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On the forecasting ability of ARFIMA models when infrequent breaks occur


  • Vasco J. Gabriel
  • Luis F. Martins


Recent research has focused on the links between long memory and structural breaks, stressing the memory properties that may arise in models with parameter changes. In this paper, we question the implications of this result for forecasting. We contribute to this research by comparing the forecasting abilities of long memory and Markov switching models. Two approaches are employed: the Monte Carlo study and an empirical comparison, using the quarterly Consumer Price inflation rate in Portugal in the period 1968--1998. Although long memory models may capture some in-sample features of the data, we find that their forecasting performance is relatively poor when shifts occur in the series, compared to simple linear and Markov switching models. Copyright Royal Economic Socciety 2004

Suggested Citation

  • Vasco J. Gabriel & Luis F. Martins, 2004. "On the forecasting ability of ARFIMA models when infrequent breaks occur," Econometrics Journal, Royal Economic Society, vol. 7(2), pages 455-475, December.
  • Handle: RePEc:ect:emjrnl:v:7:y:2004:i:2:p:455-475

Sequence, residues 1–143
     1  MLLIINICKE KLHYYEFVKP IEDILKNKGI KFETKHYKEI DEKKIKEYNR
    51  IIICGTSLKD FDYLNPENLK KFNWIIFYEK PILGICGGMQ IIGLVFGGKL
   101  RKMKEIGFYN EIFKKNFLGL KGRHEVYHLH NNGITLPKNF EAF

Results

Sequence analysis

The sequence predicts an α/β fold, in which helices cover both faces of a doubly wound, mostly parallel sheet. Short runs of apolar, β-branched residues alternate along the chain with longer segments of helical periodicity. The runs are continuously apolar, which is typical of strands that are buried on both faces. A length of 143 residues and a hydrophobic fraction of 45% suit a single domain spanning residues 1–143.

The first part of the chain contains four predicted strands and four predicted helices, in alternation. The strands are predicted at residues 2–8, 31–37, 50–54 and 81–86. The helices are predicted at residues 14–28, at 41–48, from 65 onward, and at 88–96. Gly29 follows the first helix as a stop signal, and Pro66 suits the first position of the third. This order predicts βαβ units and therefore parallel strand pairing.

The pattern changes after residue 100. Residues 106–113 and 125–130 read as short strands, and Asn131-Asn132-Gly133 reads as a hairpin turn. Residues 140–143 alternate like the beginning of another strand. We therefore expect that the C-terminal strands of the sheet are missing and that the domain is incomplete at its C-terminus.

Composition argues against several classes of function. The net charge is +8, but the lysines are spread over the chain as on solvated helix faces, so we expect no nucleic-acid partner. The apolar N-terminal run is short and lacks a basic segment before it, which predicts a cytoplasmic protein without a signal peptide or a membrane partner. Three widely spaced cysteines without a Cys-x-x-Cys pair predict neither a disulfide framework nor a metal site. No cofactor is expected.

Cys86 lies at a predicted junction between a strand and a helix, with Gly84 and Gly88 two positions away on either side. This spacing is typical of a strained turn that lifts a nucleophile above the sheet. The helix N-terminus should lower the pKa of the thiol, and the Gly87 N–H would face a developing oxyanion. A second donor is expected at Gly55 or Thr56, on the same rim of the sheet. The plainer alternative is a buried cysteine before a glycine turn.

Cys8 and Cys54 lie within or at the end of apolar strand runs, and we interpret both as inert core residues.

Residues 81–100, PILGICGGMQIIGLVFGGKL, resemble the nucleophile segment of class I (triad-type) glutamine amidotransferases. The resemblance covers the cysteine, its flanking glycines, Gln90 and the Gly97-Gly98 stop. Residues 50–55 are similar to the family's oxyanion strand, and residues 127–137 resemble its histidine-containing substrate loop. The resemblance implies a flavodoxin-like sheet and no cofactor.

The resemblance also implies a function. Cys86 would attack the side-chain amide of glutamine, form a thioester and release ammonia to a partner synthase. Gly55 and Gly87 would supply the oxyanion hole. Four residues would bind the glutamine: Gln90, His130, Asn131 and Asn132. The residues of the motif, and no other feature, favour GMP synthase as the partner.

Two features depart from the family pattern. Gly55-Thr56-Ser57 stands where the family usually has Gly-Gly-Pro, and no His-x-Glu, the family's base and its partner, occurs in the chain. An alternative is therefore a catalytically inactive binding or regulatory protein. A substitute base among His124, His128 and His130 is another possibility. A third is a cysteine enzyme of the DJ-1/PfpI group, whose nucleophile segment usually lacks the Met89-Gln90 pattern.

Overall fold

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    Cited by:

    1. Vasco Gabriel & Luis Martins, 2011. "Cointegration tests under multiple regime shifts: An application to the stock price–dividend relationship," Empirical Economics, Springer, vol. 41(3), pages 639-662, December.
    2. Di Sanzo, Silvestro, 2018. "A Markov switching long memory model of crude oil price return volatility," Energy Economics, Elsevier, vol. 74(C), pages 351-359.
    3. Rodríguez, Gabriel, 2017. "Modeling Latin-American stock and Forex markets volatility: Empirical application of a model with random level shifts and genuine long memory," The North American Journal of Economics and Finance, Elsevier, vol. 42(C), pages 393-420.
    4. José M. Belbute & Alfredo Marvão Pereira, 2016. "Updated Reference Forecasts for Global CO2 Emissions from Fossil-Fuel Consumption," Working Papers 170, Department of Economics, College of William and Mary.
    5. Rasmus T. Varneskov & Pierre Perron, 2018. "Combining long memory and level shifts in modelling and forecasting the volatility of asset returns," Quantitative Finance, Taylor & Francis Journals, vol. 18(3), pages 371-393, March.
    6. Gabriel Rodríguez, 2016. "Modeling Latin-American Stock and Forex Markets Volatility: Empirical Application of a Model with Random Level Shifts and Genuine Long Memory [Modelando la volatilidad de los mercados bursátiles y cam," Documentos de Trabajo / Working Papers 2016-416, Departamento de Economía - Pontificia Universidad Católica del Perú.
    7. Bisaglia, Luisa & Gerolimetto, Margherita, 2008. "Forecasting long memory time series when occasional breaks occur," Economics Letters, Elsevier, vol. 98(3), pages 253-258, March.
    8. Augustine Arize & John Malindretos & Kiseok Nam, 2005. "Inflation and Structural Change in 50 Developing Countries," Atlantic Economic Journal, Springer;International Atlantic Economic Society, vol. 33(4), pages 461-471, December.

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